For many riders, the crisp cold air of fall signals when the bike goes into the garage or under a cover to hibernate for the winter. We wrote a post on proper winter bike storage a few weeks ago for that very reason. But for many riders autumn just means adding a few layers to enjoy some picturesque rides with beautiful fall colors and leaf covered streets. If you’re one of those who is not yet ready to park your bike for the winter, here’s a list of cold weather riding tips to extend your season this year.
First and foremost you will need to to be wind proof! Wind will be the bane of your existence for cold weather riding. Here is a chart from cyclefish.com showing what the temperature is with rding speed on a motorcycle. You can clearly see that temperatures drop quickly with speed. When you’re sitting on a motorcycle, you’re not moving and generating much heat and the wind and cold constantly drain your heat. Unless you have heated clothing or equipment (grips, seat, etc.) then you will eventually get cold. The hardest thing will be to keep wind and drafts out. You may think you are sealed up well until you get on the highway and feel cold spots of air getting in at your cuff, neck, or ankle. The warmer you dress, the longer it will take for you to get cold, but if you’re doing a long enough ride you will need to stop every so often to warm up your body depending on the temperature.
- Hands – Keeping your hands warm is probably the most important thing to keep warm, but also the hardest part to keep warm. Choosing a good pair of gloves is crucial. You don’t want gloves that are too heavy and thick that you can’t effectively use the controls but you want them to be very warm and also keep any draft out of your coat sleeves. Snowmobile gloves are a great options since they have less insulation on the palm side for better grip and control of levers, and they are built to withstand extreme cold and weather so most are wind and waterproof. A few snowmobile gloves to look at on GearHead would be the Motorfist Rekon Gloves and the Klim Elite Glove for ultimate cold weather protection. If you’re on a budget, the FLY Racing Aurora waterproof and windproof gloves feature a cool extended neoprene wrist cuff to keep wind out along with a cinch cord cuff and wrist strap to really keep the wind out.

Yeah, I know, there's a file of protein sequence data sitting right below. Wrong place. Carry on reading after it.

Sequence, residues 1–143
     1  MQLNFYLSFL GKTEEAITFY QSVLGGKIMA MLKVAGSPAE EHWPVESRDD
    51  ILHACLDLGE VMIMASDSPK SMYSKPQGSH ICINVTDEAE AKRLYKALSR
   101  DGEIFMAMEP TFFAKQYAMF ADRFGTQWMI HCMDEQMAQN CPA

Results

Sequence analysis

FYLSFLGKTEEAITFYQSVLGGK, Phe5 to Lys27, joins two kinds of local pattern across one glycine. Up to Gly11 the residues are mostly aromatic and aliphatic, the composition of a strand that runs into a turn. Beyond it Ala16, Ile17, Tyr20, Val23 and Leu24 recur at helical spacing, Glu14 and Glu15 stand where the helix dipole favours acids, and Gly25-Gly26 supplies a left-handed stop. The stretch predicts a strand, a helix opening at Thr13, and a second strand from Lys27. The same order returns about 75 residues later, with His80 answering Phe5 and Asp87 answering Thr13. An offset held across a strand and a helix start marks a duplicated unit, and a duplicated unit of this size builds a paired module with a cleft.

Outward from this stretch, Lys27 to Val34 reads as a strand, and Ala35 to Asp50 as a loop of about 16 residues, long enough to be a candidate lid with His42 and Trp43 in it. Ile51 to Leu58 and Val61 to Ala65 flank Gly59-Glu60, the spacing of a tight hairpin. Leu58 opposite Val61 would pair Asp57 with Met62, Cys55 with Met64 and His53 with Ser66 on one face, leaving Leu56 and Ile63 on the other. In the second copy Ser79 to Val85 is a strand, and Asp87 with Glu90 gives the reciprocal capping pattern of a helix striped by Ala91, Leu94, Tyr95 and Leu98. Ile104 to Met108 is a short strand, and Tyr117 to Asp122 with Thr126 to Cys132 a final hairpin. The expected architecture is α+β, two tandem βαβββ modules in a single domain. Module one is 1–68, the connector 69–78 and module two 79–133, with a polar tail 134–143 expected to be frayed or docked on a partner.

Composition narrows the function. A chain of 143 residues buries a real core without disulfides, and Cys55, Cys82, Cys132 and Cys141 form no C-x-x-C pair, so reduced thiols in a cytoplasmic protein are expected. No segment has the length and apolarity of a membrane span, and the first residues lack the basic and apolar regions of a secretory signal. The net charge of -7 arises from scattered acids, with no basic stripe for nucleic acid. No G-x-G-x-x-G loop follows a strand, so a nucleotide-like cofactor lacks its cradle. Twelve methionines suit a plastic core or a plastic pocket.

- Torso and Arms – A wind proof jacket is a must when riding in the cold. If you don’t have a good one, invest in one that is tight fitting, windproof, and waterproof, and that you can put on layers underneath. Again, a snowmobile jacket is not a bad way to go since they are made to stand up to low temps for long periods of time. Some people have found leather to be good with layers underneath such as a soft shell and snug fitting base layers. Make sure that the back of the jacket is long enough that there is no draft up your back when you are sitting or you can cinch it tight.